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Thursday, October 27, 2016

I've been making some of the soap for gifts

I'll be gifting some of this soap in less than a month. I didn't want to make the soap too far in advance, as glycerin soap gets "weepy" with age, IME. I don't know exactly what that age is, maybe a few to several months. In any case, I wanted to make this as close to gifting, as I could, but still insure that I would have extra time, in case it didn't go as planned. (You know life -- it never goes as planned!)

This is the honey-almond-oatmeal soap.

I used a goat's milk glycerin soap base, bought at Michael's with a 50% off coupon, honey-almond soap fragrance, bought at Hobby Lobby with a 40% off coupon, honey from my pantry, oats from my pantry, the cardboard box from some spaghetti noodles, lined with plastic wrap and sprayed with non-stick cooking spray, from my pantry, at the end of pouring, I sprayed with rubbing alcohol, from my cupboards.

Since there is so much information on making melt and pour soap, already, out there. I thought I'd just give you some specific info on questions I had for my own batch.

How much oatmeal (or other dry matter like coarsely ground herbs/flower petals) in a batch of soap?
  • no more than 1/4 cup ground oats (1/3-1/2 cup rolled oats) per 1 lb of soap base. I used about 3 tablespoons of ground oats, per pound and a quarter.
What form of oats to use in soap?
  • the type of oats used in bars of soap is somewhere between colloidal oatmeal (finely ground, like a flour/meal), and quick-cooking oats. I took my regular rolled oats and ran them briefly through my coffee grinder, to get the right grind.
How much honey to add to soap base?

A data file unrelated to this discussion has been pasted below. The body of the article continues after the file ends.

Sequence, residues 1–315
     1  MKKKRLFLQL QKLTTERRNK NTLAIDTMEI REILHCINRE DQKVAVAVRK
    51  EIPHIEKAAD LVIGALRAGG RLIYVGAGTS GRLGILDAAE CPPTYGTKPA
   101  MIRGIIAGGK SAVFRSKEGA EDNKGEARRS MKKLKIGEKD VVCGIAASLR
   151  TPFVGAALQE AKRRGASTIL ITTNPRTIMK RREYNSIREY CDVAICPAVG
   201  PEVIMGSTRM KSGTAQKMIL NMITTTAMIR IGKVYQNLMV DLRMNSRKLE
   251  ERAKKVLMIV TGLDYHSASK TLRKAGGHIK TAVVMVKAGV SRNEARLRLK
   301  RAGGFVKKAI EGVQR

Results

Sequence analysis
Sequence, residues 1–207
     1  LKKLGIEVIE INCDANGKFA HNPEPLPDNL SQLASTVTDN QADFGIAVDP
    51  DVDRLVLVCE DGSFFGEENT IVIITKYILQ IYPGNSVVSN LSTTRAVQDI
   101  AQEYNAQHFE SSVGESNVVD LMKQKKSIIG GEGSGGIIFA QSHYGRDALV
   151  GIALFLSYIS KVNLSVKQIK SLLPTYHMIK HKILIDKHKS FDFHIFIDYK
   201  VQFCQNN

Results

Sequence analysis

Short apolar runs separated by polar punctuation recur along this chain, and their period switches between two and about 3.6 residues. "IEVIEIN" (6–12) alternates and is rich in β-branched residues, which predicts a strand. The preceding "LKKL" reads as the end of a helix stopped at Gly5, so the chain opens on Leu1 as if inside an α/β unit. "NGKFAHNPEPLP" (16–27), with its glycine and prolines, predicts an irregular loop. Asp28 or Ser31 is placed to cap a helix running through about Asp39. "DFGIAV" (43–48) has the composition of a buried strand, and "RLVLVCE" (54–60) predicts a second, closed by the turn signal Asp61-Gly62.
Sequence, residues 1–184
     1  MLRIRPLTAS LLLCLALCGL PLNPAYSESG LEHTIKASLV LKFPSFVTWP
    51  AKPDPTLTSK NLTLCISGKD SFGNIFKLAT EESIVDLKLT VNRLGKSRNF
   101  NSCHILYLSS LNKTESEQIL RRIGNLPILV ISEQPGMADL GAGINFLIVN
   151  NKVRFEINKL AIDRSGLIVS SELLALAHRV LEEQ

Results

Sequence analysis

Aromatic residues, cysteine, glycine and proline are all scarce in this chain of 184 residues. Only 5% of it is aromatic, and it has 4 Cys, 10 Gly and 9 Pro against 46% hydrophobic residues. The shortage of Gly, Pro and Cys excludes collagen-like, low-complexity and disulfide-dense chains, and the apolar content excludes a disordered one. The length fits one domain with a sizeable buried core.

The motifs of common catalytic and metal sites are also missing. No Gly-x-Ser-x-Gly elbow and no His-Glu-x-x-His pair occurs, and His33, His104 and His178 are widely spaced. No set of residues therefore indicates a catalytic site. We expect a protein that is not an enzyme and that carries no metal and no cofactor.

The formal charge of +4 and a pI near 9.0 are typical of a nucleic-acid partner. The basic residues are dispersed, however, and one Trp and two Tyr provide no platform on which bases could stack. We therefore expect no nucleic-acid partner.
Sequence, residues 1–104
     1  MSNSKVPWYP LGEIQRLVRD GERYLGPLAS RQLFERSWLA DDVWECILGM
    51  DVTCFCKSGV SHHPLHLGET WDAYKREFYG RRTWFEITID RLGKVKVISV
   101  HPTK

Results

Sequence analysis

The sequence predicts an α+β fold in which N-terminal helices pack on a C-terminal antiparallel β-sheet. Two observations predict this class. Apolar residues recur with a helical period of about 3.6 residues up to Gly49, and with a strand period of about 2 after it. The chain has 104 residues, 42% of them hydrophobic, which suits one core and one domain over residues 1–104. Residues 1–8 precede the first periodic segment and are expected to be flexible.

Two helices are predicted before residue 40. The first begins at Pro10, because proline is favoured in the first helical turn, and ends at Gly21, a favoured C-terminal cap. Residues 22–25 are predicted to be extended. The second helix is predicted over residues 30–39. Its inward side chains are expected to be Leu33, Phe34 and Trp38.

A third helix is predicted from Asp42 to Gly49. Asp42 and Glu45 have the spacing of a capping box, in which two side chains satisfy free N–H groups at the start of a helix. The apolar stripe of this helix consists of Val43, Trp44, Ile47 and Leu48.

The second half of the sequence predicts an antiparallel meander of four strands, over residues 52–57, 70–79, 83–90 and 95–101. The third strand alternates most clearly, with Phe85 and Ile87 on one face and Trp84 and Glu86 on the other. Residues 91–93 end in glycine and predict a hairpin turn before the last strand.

• some recipes called for as much as a couple of tablespoons of honey per pound of soap. I used 1 tablespoon of honey per pound and a quarter.
What to us for a mold?
  • I used a long, narrow spaghetti noodle box, roughly 10.75 inches by 2.75 inches. This will give me 4 almost square bars of finished soap, that I will cut with a chef's knife.

How do I prepare the box for a mold?
  • I used duct tape to tape the open end, closed. I used glue stick inside, to glue that opening flap on the inside, shut.
  • I used an x-acto knife to slit the top of the box, down the center, and then the ends of the box, so that once slit, I had "flaps" that opened up the box, for a long, narrow tray, about 1  1/2 inches deep.
  • I sprayed the inside bottom of the box, very lightly, with spray adhesive. This isn't completely necessary, but I wanted the plastic wrap to stay in place, when un-molding the soap. A little glue stick would also work. I allowed the glue to partially dry, for 20 minutes. It was tacky at this point. See notes on reusing box, as it didn't go perfectly.
  • I then lined the box with a sheet of plastic wrap. This was tricky, at first, but ultimately worked out. I was able to reposition the plastic wrap, as needed, when lining the box.
  • before pouring in the soap, I lightly sprayed with non-stick cooking spray -- this step was super helpful in un-molding the soap.
How do I find out how much soap to use for my box mold?
  • I didn't want a bar as thick as the depth of the box, but one that was a little over an inch thick
  • I calculated the cubic measurement of my box, with about 1  1/4 inches as my depth (width multiplied by height/depth multiplied by length)
  • I entered my cubic inches into this calculator online to convert cubic inches to liquid volume
  • for my box, my cubic inches was 36.95, and I used 1  1/4 pounds of soap base
  • my resulting bars are about 2.68 inches by 2.75 inches, but only 1 inch tall. A lot of soap seemed to remain in my melting can. So, for future bars of soap, in this box, I'll add about 2 extra ounces per pound, of soap base. I can always pour extra soap into a yogurt container.